Anemia in the ICU: anemia of chronic disease versus anemia of acute illness

Crit Care Clin. 2012 Jul;28(3):333-43, v. doi: 10.1016/j.ccc.2012.04.012.

Abstract

Anemia is common in the ICU, increasing morbidity and mortality. Its etiology is multifactorial but anemia of inflammation is the most common cause, followed closely by iron deficiency. The two conditions often coexist and it can be difficult to diagnose iron deficiency in the context of anemia of inflammation. Blood transfusions and use of erythropoietin agonists are two modalities used to correct anemia in critically ill patients. Randomized controlled trials have not supported the use of either therapy except in well defined clinical situations. Better understanding of the pathophysiology of anemia of inflammation may lead to development of novel therapies.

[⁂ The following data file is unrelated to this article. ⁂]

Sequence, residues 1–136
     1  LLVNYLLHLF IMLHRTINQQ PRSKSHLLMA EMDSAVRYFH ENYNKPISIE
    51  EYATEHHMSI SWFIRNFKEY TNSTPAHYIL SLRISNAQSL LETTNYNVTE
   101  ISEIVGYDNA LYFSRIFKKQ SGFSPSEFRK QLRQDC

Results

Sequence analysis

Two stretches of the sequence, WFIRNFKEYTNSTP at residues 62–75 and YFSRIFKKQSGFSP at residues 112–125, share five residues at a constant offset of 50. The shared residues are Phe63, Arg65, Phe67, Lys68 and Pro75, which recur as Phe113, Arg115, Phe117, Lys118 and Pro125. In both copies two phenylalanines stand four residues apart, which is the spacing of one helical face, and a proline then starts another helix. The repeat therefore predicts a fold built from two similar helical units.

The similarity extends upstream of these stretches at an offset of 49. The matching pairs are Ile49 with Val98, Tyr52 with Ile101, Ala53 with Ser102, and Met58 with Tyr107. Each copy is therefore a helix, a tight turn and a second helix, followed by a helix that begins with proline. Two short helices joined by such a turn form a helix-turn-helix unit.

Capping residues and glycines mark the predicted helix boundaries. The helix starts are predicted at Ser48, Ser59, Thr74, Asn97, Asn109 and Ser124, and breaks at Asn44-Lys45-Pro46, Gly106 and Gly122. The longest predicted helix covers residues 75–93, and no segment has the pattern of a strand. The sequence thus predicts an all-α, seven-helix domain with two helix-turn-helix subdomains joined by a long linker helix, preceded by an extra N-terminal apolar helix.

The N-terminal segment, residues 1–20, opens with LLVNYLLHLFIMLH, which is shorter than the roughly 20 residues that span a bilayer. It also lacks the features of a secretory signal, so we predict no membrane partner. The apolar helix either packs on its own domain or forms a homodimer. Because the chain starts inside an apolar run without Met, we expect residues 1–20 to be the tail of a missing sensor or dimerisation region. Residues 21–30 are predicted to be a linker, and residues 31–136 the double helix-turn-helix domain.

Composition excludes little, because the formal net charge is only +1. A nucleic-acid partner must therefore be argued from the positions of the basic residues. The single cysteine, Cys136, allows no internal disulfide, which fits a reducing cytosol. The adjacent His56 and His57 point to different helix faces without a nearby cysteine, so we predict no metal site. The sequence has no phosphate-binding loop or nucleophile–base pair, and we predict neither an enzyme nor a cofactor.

Publication types

  • Comparative Study
  • Review

MeSH terms

  • Acute Disease
  • Anemia* / epidemiology
  • Anemia* / etiology
  • Anemia* / physiopathology
  • Anemia* / therapy
  • Chronic Disease
  • Critical Care*
  • Erythrocyte Transfusion
  • Hematinics / adverse effects
  • Hematinics / therapeutic use
  • Humans
  • Inflammation / complications
  • Intensive Care Units
  • Iron / deficiency
  • Iron / metabolism
  • Randomized Controlled Trials as Topic

Substances

  • Hematinics
  • Iron